LaWanda Maloy, Counselor
The mission of Sanford Middle School's comprehensive school counseling and guidance program is to prepare every student socially, academically, and emotionally for present and future challenges. Students are provided with opportunities to gain an understanding of self and others, to participate in educational and occupational exploration, and to pursue career planning in an environment that is safe, caring and encouraging. The counselor works in collaborative partnerships with students, educators, parents, and community members to empower students to reach their highest level as productive members of society.
Guidance Curriculum - Each month, students will participate in classroom guidance lessons. The guidance curriculum includes structured experiences presented systematically through classroom and group activities, conducted by the counselor or representatives with expertise in the areas being addressed.
Small Groups - Throughout the school year, we will be facilitating small groups of students whom share a common issue. Group counseling can provide students an opportunity to develop solving strategies, learn new skills, and gain support from their peers who are going through similar circumstances. Often, these concerns can get in the way of a student's success in school. Sometimes students feel that they are the only ones who are feeling like they do and are reassured when they discover otherwise. These groups meet bi-weekly for 30 minutes a day, between 4-6 weeks. The groups are comprised of 4-6 students, depending on age and focus of the group.
Individual counseling is designed to give children the opportunity to discuss problems one on one with a counselor, gain insight, and learn skills to address the concerns. Counseling sessions are held biweekly for 30 minutes and last approximately four weeks.
Character Education- Today, all children face uncertainties in a complex and sometimes troubled society. Positive character traits are not always readily apparent and easy to grasp or learn. Therefore, our goal is to instill character traits within each child and provide them with the support they need to develop into strong, competent, caring, responsible and successful citizens.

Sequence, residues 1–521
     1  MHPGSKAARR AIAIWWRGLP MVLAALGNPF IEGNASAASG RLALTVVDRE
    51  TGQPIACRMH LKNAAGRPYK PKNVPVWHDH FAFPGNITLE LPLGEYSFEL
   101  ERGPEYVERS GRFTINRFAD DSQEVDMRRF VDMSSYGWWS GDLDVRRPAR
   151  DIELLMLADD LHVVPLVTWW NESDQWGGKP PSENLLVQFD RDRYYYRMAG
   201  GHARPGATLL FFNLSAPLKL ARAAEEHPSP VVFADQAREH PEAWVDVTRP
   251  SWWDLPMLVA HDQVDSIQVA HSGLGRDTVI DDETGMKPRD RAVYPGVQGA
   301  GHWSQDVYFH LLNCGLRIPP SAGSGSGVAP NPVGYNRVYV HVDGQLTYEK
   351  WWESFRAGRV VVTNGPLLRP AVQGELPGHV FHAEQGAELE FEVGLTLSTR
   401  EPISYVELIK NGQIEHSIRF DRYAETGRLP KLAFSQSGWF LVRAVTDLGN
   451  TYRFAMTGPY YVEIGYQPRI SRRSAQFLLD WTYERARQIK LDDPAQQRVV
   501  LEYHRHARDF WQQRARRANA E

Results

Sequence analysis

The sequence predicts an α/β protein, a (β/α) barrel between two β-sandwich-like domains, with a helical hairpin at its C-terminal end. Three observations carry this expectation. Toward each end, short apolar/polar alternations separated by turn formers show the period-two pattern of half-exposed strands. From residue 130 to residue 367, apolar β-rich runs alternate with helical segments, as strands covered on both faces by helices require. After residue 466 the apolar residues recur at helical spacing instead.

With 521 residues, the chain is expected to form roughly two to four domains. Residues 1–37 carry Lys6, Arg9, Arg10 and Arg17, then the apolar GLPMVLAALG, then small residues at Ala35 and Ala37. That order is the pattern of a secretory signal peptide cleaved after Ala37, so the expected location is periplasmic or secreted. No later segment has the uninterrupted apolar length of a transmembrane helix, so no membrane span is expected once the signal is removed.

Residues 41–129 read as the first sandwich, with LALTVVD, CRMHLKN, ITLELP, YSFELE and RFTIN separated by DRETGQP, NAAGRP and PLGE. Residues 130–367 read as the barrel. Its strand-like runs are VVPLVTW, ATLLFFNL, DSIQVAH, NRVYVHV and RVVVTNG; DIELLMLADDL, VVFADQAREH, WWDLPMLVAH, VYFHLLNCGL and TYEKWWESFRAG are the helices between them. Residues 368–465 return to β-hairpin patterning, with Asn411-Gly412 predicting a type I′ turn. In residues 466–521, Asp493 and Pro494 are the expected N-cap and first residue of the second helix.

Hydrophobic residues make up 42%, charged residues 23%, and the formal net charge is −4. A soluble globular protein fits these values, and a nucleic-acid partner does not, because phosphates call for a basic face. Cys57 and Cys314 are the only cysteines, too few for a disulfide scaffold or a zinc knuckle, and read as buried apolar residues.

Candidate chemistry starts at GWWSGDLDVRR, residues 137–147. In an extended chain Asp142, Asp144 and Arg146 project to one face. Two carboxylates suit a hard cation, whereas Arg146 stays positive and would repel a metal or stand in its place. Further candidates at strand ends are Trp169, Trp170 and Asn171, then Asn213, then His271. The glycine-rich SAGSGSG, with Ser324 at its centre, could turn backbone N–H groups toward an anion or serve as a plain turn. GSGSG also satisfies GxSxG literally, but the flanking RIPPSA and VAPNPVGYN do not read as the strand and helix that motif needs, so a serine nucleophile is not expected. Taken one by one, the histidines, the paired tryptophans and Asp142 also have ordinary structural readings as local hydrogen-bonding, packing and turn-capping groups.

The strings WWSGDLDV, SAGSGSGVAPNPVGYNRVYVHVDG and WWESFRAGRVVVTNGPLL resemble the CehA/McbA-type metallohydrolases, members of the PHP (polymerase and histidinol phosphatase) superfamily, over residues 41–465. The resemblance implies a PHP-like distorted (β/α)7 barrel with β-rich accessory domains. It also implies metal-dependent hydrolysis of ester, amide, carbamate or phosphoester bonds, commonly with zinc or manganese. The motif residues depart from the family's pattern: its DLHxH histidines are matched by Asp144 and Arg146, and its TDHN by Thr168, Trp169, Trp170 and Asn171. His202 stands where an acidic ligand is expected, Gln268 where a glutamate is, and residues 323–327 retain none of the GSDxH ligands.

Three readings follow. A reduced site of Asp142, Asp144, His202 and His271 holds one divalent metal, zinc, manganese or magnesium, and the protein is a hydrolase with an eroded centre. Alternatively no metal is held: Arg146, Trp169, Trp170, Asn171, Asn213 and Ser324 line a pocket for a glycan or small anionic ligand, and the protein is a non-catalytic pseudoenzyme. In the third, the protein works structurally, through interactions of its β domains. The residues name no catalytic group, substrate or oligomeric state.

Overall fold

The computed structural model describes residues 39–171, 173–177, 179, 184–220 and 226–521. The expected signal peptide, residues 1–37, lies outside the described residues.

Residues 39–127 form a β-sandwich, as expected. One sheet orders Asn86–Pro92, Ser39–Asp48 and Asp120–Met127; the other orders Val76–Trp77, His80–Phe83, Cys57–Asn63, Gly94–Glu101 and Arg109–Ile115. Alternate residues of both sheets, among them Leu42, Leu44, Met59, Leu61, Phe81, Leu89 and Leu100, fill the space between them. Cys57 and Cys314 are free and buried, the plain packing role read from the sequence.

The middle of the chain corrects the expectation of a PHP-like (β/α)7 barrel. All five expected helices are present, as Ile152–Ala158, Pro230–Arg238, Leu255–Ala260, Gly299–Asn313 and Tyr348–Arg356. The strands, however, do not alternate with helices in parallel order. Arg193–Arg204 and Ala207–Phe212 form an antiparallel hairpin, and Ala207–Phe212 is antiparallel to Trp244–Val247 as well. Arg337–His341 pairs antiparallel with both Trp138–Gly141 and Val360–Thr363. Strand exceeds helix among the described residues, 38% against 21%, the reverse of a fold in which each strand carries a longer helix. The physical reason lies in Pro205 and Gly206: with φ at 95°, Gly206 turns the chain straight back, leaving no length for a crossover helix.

A character trait will be emphasized each month exposing students to a "Word of the Week" that reinforces that trait. At the end of the month, students vote to select a classmate in their homeroom they feel best exhibits that month's character trait. Winners will be recognized monthly with a certificate, recognition in the Hornets' Buzz Newsletter and Guidance Department Newsletter, and a group photo will be posted on our SMS Class Act Bulletin Board.
Peer Mediation - Peer Mediation is a peace making process used to help students who have problems or disagreements with someone else. The disputants work together with the help of a neutral third party, to resolve their differences peacefully. Peer mediation is a way of working things out by attacking the problem, not the person. Students who have conflicts are able to sit face to face and talk uninterruptedly with the help of a mediator. Issues that are mediated are gossiping, rumors and teasing, just to name a few. Mediation is not used for illegal acts, serious violation of the rules and policies of the school (fighting, destruction of property, stealing, abuse, drug sales or use, weapons, etc.)
Families across the country are adapting to the evolving changes in daily life caused by the COVID-19 pandemic. Most schools, places of public gathering, and nonessential businesses are closed, and parents and other caregivers are faced with helping their families adjust to the new normal. This includes trying to keep children occupied, feeling safe, and attempting to keep up with schoolwork as best as possible. None of this easy, but it helps to stay focused on what is possible in order to reinforce a sense of control and to reassure children that they are okay, and that the situation will get better.
It is very important to remember that children look to adults for guidance on how to react to stressful events. Acknowledging some level of concern, without panicking, is appropriate and can result in taking the necessary actions that reduce the risk of illness. Teaching children positive preventive measures, talking with them about their fears, and giving them a sense of some control over their risk of infection can help reduce anxiety. This is also a tremendous opportunity for adults to model for children problem-solving, flexibility, and compassion as we all work through adjustmenting daily schedules, balancing work and other activities, getting creative about how we spend time, processing new information from authorities, and connecting and supporting friends and family members in new ways. The following tips can help: